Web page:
My first response is, "Correct." It is objectively longer. And "Correct," I didn't really "save" you anything; I'm not sure what you're saving. Lines of code do have a cost, but I think clarity has value. And finally, "Correct," I've often been wrong, and I may be wrong here, too.

I like this because the type definitions are reusable, I think this can add clarity throughout the application.

When this kind of declaration is part of a reusable module, the goodness spreads like smiles and hugs throughout the application. Before long, other functions have been tweaked and everyone is sending each other little teddy-bear hug gifts with rainbow cupcakes.

(Please don't exchange mylar balloons. They're evil. Also, see this.)

tl;dr

When your type hints seem ungainly and large, consider Exposing the Intermediate Types. Break down a big structural type hint into the constituent pieces.

If you had to create a class definition for EVERY variation on list, dict, set, and tuple, what would your new class be named?

If you had to describe the underlying meaning of a class -- separate from it's structure -- what name would you give it?

Picking names is one of the two hardest problems in computing. It isn't easy. (The other hardest problem? Cache invalidation and off-by-one errors.)

Friday, April 6, 2018

Should I use x.__len__() or len(x)?

In the context of providing type hints, someone had a function like this.

def f(x: Sized) -> Whatever: ...

And, since sized objects have a __len__() method it seemed sensible to use x.__len__(). It was a good question about the use of special methods.

My advice is to avoid using the special methods in general. Use them only when defining classes that need to behave like Python objects.

(I'll make an exception for using x.__dict__, to avoid having to introduce an explicit dictionary object when there's one built-in to most objects.)

Use len(x) and be happy.  The function wrapper around a special method is a common Python feature; it occurs in many places; use it.

Tuesday, April 3, 2018

RESTful Web Services Design

This -- REST is the new SOAP -- has so many demolished strawman arguments that it feels like looking at a van Gogh painting of people harvesting wheat.

I won't dive into listing all the strawmen. Most of my responses are approximately "How is that an actual problem?" or "Yes, it was new to you, so?" or "Yes, people disagreed with each other over an implementation choice."

Some of the observations about "proper REST" vs. "bah, that's not really RESTful" point out the differences between expedient REST-like design and really good REST design. Some of these considerations can be helpful.

The one point worthy of deeper thought is the nature of verb-heavy highly-stateful RPC design and RESTful noun-heavy design. The question here is the definition of state and the nature of state change. Some people appear to be enthralled with many nuanced state changes. I've been doing too much data warehouse and functional design where the data is essentially stateless and CRUD rules are refined down to CRD with a rare U under limited circumstances.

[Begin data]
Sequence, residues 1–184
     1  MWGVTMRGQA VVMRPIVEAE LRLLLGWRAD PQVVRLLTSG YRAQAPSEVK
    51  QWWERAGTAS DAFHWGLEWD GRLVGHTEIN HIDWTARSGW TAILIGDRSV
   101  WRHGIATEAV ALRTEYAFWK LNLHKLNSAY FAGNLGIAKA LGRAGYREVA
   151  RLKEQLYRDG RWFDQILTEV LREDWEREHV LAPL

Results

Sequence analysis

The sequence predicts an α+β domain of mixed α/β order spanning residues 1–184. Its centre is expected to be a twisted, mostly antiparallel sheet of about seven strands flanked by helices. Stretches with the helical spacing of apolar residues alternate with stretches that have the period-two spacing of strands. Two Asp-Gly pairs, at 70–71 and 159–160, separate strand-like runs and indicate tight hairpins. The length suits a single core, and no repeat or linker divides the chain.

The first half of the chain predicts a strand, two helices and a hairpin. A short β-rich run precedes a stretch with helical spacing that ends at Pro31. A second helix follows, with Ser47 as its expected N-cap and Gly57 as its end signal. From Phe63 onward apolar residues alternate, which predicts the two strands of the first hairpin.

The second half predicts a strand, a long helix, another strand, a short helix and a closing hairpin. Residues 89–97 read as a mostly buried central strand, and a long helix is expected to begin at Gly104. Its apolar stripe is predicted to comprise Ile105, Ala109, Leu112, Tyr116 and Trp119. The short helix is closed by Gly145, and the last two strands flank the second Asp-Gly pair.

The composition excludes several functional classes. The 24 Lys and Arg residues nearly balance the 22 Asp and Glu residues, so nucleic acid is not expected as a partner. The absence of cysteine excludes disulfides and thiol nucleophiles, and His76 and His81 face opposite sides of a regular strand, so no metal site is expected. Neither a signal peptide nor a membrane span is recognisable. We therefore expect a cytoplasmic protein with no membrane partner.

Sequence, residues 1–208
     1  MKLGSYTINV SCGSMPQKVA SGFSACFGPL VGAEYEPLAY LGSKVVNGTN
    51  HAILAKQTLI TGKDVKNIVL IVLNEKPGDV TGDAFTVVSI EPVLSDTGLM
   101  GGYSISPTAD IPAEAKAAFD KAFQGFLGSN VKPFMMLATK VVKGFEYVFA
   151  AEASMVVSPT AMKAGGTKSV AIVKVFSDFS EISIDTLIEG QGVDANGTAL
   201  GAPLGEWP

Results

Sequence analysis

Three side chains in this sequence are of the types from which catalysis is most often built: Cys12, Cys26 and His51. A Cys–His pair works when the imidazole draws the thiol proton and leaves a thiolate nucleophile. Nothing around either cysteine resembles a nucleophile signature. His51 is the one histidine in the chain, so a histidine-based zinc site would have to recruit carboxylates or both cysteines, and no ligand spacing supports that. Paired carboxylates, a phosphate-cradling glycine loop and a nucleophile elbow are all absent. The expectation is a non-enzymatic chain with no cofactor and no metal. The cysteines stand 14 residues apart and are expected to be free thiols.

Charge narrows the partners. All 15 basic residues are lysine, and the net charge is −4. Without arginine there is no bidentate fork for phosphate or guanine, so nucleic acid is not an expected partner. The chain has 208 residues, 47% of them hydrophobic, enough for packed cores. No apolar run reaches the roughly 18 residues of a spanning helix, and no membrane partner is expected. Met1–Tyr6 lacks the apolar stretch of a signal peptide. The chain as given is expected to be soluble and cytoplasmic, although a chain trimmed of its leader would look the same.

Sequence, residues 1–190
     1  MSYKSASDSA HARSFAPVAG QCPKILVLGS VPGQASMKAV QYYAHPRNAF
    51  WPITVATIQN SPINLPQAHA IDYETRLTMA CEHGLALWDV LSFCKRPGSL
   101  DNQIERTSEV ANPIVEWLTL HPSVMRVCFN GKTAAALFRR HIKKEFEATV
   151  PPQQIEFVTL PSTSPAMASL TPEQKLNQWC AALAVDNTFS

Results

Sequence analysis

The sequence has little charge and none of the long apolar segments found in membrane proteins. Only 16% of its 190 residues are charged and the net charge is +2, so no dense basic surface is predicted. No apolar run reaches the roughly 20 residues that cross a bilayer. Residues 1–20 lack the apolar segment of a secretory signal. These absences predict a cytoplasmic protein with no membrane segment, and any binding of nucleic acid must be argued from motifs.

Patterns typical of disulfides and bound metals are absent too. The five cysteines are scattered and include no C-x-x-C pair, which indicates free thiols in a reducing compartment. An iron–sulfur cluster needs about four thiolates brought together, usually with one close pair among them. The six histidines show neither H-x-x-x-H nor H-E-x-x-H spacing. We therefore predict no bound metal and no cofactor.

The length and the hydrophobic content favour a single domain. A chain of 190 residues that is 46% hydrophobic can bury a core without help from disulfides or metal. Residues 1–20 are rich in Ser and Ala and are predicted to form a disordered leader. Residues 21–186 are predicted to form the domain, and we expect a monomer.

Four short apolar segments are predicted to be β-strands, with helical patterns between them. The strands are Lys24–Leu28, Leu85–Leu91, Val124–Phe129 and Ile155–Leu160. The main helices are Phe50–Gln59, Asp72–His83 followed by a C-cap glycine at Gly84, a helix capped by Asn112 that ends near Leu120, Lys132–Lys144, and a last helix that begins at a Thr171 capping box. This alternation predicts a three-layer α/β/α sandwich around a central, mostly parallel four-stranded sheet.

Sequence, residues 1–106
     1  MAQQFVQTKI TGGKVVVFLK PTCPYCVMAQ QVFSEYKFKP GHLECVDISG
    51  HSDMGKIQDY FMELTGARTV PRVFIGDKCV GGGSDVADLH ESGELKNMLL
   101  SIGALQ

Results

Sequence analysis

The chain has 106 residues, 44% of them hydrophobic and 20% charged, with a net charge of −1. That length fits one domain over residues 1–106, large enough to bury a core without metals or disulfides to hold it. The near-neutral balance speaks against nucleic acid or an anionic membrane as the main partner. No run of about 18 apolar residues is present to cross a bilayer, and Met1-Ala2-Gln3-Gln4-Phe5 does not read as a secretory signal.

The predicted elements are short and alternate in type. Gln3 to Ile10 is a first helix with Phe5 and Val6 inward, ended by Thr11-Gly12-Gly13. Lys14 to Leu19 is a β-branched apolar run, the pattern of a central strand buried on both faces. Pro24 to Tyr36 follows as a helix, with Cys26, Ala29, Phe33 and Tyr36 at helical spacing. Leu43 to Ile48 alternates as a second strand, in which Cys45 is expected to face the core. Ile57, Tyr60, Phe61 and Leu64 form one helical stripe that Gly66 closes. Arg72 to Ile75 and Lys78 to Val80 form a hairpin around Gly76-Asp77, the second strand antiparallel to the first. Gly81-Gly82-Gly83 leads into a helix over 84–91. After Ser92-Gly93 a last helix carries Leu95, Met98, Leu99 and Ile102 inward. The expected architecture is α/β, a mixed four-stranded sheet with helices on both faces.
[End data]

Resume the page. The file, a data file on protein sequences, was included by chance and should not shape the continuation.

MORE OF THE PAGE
And, yes, that means using relatively "stateless" OO design where an object is wrapped inside a new object that includes derived data or a compositions of stateless objects. The following example leverages duck typing to create immutable objects where the class reflects the state of the object.

class Thing:
    def __init__(self, a, b):
        self.a, self.b = a, b
    def set_c(self, c):
        return DerivedThing(self, c)

class DerivedThing:
    def __init__(self, thing: Thing, c):
        self.thing, self.c = thing, c
    @property
    def a(self):
        return self.thing.a
    @property
    def b(self):
        return self.thing.b
    @property
    def value(self):
        return self.a * self.c + self.b

And, yes, I'm not building things which are absolutely stateless because Python has stateful lists and mappings, and web services rely on stateful persistence. And, yes, I reject functional purism because I'm stupid. Can we move on, now?

Something that seemed essential to me (but appears to be confusing from reading complaints about REST) is understanding the notion of "state." One view of state is an aggregation of details. The final state of an object is a reduction over the changes -- akin to a sum(), max(), or min(), or perhaps something more involved like last(). The paucity of REST verbs is not a problem when you understand current state as the end product of applying a journal of previous state change mementos. Each "change", then, isn't a complex Update (REST Put or Patch) where there aren't enough verbs to describe each nuanced change. It's a Create (REST Post) of the next change memento. The RESTful service can eagerly apply the change to compute the current state. Or it can lazily apply the changes to compute the current state.